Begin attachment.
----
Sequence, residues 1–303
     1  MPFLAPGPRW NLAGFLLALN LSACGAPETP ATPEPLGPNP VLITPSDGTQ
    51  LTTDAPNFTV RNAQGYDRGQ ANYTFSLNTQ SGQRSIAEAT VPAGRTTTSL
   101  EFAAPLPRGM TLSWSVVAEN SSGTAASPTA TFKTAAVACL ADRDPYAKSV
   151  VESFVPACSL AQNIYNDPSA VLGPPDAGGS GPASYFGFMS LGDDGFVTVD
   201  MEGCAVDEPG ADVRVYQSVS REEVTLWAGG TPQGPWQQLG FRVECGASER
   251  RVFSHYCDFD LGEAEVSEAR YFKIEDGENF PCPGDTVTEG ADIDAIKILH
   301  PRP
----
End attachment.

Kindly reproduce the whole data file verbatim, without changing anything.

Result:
Sequence, residues 1–303
     1  MPFLAPGPRW NLAGFLLALN LSACGAPETP ATPEPLGPNP VLITPSDGTQ
    51  LTTDAPNFTV RNAQGYDRGQ ANYTFSLNTQ SGQRSIAEAT VPAGRTTTSL
   101  EFAAPLPRGM TLSWSVVAEN SSGTAASPTA TFKTAAVACL ADRDPYAKSV
   151  VESFVPACSL AQNIYNDPSA VLGPPDAGGS GPASYFGFMS LGDDGFVTVD
   201  MEGCAVDEPG ADVRVYQSVS REEVTLWAGG TPQGPWQQLG FRVECGASER
   251  RVFSHYCDFD LGEAEVSEAR YFKIEDGENF PCPGDTVTEG ADIDAIKILH
   301  PRP